Weblog of the Sydney Traditionalist Forum
Emile Joseph has written several short pieces for SydneyTrads over the years, mostly fiction for the young at heart and a few dissertations about the use and misuses of the English language. We are pleased to announce that he has recently published a short book which is available for purchase through Amazon: A Love that Spans the Ages (Nightlight Books, 2014).
At 128 pages, this story is about a 15th century pious knight who travels six hundred years into the future to rescue his betrothed from the hands of a witch. He is aided in 2014 by a professor and a young lady. Divine love as well as romantic love and friendship strongly feature as dominant themes in the narration.
In many respects, Emile’s approach is in fact a paean to the traditionalist archetype of the “fairytale”. On first glance, this may seem like a clichéd or stock-standard approach to the medieval romantic quest of hero and his struggle to win the affections of or rescue his beloved from impending evil. However, the author’s intentional adherence to the chivalric mythos is a restatement of the perennial wisdom inherent in the normative relationship between man and woman. In a short interview with the author, Emil Joseph rhetorically asks:
“Have you noticed that in many retellings of fairy tales these days, and in mediaeval dramas like Game of Thrones, the woman is the heroine and the man is either a bumbling idiot, an evil villain or a hapless wretch in need of feminine salvation? Actually, that is now the standard storyline for all kinds of comedy and drama.”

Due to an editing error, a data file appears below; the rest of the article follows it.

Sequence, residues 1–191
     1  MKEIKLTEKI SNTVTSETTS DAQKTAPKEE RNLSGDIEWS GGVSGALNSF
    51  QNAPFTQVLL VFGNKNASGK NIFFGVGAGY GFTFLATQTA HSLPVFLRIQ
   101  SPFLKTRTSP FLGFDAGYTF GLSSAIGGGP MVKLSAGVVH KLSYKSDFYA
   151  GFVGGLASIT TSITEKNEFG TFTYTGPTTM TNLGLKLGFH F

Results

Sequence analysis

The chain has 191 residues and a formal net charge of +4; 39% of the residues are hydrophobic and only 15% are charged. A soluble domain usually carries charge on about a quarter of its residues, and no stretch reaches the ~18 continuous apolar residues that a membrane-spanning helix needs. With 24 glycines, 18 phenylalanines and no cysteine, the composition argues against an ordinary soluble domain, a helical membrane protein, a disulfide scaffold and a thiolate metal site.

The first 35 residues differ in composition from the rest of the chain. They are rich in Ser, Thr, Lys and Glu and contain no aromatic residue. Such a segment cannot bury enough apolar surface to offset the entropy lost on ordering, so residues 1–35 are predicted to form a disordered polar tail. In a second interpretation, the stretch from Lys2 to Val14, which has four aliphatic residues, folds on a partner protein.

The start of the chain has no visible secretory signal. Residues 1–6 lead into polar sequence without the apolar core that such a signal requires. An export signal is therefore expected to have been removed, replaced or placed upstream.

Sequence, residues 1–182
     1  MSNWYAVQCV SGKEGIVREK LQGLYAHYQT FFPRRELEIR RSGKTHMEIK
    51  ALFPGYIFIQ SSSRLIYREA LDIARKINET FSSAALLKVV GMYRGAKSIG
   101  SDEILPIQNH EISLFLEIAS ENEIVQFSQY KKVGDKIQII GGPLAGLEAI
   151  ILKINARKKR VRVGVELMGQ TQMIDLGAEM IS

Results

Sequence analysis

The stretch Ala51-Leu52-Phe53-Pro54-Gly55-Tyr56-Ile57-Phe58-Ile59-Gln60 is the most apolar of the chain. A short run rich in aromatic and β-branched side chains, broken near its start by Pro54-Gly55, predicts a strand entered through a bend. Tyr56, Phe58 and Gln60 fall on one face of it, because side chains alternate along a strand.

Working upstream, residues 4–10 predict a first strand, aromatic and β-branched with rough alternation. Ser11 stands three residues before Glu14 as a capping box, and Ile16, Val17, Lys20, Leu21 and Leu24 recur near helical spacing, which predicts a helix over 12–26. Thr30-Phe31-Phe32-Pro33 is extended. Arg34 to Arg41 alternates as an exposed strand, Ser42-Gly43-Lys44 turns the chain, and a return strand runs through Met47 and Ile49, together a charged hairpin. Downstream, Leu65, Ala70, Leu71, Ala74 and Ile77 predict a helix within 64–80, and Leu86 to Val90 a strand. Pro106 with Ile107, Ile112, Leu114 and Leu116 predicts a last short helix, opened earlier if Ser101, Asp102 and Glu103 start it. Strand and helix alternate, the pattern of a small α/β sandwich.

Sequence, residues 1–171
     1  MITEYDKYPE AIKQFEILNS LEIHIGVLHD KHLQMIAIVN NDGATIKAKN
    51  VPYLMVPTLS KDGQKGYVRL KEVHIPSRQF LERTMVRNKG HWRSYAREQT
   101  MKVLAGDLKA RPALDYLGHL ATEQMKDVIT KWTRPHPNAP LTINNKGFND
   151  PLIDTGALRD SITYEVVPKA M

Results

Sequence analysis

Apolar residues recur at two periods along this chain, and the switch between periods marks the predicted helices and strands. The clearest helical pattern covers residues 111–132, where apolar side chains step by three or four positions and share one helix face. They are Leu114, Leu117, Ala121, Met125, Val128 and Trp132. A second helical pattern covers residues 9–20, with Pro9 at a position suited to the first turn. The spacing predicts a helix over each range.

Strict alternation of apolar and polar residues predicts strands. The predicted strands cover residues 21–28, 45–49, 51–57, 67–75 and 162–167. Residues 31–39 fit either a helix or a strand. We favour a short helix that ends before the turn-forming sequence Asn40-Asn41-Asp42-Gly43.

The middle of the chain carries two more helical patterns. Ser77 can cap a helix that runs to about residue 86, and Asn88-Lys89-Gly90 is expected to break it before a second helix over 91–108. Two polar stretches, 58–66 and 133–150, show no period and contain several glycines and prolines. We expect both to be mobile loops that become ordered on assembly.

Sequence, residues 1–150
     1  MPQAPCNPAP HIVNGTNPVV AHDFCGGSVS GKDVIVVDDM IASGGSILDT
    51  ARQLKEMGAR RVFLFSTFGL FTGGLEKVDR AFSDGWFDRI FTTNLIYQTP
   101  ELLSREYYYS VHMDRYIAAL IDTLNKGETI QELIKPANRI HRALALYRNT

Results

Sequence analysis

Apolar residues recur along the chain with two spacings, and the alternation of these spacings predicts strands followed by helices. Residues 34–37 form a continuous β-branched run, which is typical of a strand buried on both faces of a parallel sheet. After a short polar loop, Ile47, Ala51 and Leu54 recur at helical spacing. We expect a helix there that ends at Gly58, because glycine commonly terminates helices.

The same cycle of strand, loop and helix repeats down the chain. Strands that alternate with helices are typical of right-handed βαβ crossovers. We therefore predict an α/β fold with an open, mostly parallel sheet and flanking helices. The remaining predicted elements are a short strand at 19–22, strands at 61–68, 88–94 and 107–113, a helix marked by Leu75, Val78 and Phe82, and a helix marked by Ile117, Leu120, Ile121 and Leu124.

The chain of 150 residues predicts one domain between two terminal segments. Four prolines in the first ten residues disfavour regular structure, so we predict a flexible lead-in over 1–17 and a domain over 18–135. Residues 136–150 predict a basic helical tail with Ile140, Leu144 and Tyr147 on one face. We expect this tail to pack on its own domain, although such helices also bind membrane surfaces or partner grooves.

The character of the witch is, in the words of Emile, “a feminist before her time.” The author states that the witch calls herself Cassandra Caligo, although her surname was originally Cole. This is because caligo is Latin for “darkness” (which is explained in the book), and this sets the scene for the symbolic personification of a certain type of moral corruption within the female character. Emile adds that:
“The word ‘feminist’ is never actually used by anyone to describe her, but her choice of words, her lust for power, her attitudes to God and man, her malevolence and her habit of using men and spitting them out, make it clear that she is the prototypical feminist.”
Thus that morale of A Love that Spans the Ages can be found as much in the basic storyline as in the manner in which is it presented to the reader. Emile has borrowed extensively form the Bible, in particular from the Song of Songs, Samson and Delilah, the Gospel and many parts of the New Testament, as well as from the classical literature of C.S. Lewis, from Antoine de Saint Exupery, from J.R.R. Tolkien. Readers will also note the influence of Snow White, Sleeping Beauty as well as the work of Lewis Carroll and from many others, all of which are woven into the storyline.
The character of Sir Dominic recalls the life of Jesus Christ in the Gospels; prayer is shown as an effective way to combat sin and evil by directing or focusing the intention of the pure of heart. Indeed, one of the main lessons in A Love that Spans the Ages is that evil is self consuming and thus defeats itself in the long run. This will become evidence as the reader is forced to compare the ethics of 15th century chivalry with 21st century incivility. Emile Joseph is a modern traditionalists in a particularly Christian sense. The author states that:
“I have highlighted forgiveness and longsuffering love, in contrast with the ephemeral, carnal sexual conquests of one of the shallow characters. I have tried to show that anyone can be forgiven and redeemed except those who do not want to be redeemed. I have used poetic language and some Latin throughout the book, but not in mockery or parody as so many people do today.”
Emile Joseph’s A Love that Spans the Ages is available in paperback for $11.01 or for the Kindle 0.99¢. It is warmly recommended to our readers, who will certainly not be disappointed with this purchase.
– SydneyTrads Editors